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8. Congregational Cemetery - site of 1866 Chapel

In November 1865 Thomas Carter (also known as Bacon) donated land, for the purpose of erecting a Chapel for the "Public Worship of Almighty God - according to the usages of the Protestants of the Congregational Denomination, commonly called Independents ... "

£37 had already been collected, and by September 1866, with community support, a service was held in the new Chapel. The opening was celebrated on November 9th, with 250 people joining in hymns, readings, prayers and singing, and two sermons

The chapel still awaited painting, seating, a platform and fencing, and here the £12 collection helped. A sumptuous spread of joints of poultry, - pigs, pastries, tea and coffee was enjoyed by all.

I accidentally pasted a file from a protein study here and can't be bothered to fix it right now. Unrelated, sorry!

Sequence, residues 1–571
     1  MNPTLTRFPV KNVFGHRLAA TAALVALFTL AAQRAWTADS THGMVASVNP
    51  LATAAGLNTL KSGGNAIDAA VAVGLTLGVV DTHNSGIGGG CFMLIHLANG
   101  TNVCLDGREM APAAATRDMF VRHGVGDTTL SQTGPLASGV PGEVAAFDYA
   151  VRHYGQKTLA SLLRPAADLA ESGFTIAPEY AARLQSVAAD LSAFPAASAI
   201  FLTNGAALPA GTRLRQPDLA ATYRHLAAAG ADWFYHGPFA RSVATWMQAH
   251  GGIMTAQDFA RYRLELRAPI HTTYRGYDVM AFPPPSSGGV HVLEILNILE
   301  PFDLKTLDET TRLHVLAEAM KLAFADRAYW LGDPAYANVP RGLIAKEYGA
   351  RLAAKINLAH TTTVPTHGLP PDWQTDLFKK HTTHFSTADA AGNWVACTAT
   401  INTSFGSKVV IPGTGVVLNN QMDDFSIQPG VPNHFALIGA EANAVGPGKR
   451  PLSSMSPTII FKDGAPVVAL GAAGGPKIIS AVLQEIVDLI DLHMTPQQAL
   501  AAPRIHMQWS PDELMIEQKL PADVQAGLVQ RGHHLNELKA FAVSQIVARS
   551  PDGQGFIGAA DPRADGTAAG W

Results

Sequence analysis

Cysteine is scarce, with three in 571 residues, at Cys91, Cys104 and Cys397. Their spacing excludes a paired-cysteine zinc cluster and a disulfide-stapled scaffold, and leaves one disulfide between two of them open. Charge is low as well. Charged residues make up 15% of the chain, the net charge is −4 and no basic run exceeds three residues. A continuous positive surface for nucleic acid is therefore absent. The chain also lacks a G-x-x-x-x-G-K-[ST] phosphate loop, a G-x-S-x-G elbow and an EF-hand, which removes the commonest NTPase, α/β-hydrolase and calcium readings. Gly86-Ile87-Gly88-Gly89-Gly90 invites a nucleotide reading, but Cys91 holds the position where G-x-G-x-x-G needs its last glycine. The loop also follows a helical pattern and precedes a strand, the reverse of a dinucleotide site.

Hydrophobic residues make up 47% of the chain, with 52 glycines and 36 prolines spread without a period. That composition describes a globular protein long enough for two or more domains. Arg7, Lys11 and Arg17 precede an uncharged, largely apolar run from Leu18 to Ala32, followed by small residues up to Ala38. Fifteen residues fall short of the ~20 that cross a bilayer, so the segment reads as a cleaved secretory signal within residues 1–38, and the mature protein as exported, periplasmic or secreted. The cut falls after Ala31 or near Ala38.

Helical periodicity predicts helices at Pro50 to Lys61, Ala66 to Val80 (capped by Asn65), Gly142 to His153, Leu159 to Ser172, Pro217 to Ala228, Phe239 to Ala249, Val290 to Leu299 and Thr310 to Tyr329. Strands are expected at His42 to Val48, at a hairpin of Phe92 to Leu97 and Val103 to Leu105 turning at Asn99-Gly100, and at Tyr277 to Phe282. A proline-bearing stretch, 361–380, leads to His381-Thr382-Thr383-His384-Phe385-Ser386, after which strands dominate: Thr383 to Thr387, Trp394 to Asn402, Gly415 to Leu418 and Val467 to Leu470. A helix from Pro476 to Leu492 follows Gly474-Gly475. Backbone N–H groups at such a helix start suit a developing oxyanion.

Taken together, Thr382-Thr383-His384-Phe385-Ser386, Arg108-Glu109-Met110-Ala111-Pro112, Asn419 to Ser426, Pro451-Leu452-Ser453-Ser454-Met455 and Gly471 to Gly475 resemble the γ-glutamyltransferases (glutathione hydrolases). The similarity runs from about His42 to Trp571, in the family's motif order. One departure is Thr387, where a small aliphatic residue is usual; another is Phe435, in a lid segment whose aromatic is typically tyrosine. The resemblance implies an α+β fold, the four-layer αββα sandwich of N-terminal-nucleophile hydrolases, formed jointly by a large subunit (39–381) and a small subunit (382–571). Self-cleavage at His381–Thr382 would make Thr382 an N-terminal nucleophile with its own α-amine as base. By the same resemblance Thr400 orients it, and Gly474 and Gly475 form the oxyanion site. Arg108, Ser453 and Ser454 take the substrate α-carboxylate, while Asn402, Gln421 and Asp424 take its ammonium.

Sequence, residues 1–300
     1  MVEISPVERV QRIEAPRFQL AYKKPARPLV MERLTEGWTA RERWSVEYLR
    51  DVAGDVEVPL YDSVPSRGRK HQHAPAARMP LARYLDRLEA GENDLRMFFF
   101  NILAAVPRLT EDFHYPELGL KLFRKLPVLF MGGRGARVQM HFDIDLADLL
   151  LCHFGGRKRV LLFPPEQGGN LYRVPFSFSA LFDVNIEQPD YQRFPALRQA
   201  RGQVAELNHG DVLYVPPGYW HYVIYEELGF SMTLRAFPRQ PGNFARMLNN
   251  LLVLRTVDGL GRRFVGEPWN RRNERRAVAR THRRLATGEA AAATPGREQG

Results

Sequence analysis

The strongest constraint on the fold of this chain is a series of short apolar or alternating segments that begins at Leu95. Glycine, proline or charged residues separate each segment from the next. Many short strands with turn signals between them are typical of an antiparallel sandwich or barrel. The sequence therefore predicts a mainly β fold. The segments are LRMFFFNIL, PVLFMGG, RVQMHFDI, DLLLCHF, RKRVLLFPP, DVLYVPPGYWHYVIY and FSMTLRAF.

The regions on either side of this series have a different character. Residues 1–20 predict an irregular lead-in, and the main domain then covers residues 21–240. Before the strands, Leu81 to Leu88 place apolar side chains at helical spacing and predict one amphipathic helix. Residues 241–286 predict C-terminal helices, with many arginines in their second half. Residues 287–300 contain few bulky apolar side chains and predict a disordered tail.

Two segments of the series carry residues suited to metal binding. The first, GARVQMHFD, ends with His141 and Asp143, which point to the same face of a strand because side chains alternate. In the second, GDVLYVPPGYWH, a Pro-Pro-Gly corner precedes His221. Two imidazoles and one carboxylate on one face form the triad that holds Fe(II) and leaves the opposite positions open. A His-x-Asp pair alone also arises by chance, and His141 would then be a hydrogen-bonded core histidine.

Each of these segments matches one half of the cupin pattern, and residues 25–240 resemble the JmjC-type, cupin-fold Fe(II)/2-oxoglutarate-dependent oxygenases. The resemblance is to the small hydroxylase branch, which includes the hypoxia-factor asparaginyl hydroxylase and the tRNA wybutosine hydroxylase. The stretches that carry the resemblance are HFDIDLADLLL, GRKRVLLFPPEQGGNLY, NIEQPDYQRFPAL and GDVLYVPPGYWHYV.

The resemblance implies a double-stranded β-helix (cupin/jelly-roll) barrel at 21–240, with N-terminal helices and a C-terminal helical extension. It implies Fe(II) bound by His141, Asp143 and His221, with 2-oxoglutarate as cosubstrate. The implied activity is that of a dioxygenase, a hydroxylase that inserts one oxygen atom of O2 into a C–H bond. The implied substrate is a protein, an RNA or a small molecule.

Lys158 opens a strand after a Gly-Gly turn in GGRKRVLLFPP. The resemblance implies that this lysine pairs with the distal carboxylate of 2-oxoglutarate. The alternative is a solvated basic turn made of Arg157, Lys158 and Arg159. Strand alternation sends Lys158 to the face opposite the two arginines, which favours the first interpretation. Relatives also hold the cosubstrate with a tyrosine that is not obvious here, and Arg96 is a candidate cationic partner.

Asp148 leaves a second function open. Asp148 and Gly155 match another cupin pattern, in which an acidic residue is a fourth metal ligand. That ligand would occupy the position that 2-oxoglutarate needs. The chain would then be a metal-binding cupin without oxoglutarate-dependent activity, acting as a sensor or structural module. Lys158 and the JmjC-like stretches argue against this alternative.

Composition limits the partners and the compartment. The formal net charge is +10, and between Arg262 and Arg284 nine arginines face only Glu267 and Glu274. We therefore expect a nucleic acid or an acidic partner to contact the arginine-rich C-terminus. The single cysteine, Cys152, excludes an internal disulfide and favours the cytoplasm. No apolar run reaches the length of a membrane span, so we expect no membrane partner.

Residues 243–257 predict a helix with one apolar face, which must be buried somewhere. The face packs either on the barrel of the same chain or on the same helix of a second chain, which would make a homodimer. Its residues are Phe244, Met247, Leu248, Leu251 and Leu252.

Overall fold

Sadly, just over 100 years later, the Chapel was destroyed in the bushfires of February 1967. The associated graveyard is a little gem of history, but apart from those named on the gravestones, and five others, the rest remain unknown.


The rehabilitation and fencing of this site was commenced almost 133 years to the day after its original opening. This time however the Landcare volunteers only managed pastries and hot drinks.


After leaving the Cemetery, cross the main road and walk past the Knopwood Shopping Centre, cross Church St., and follow the pavement Windmill signs, to the front of the Rokeby Store.

Rokeby Schoolhouse 1860's

Congregational Chapel

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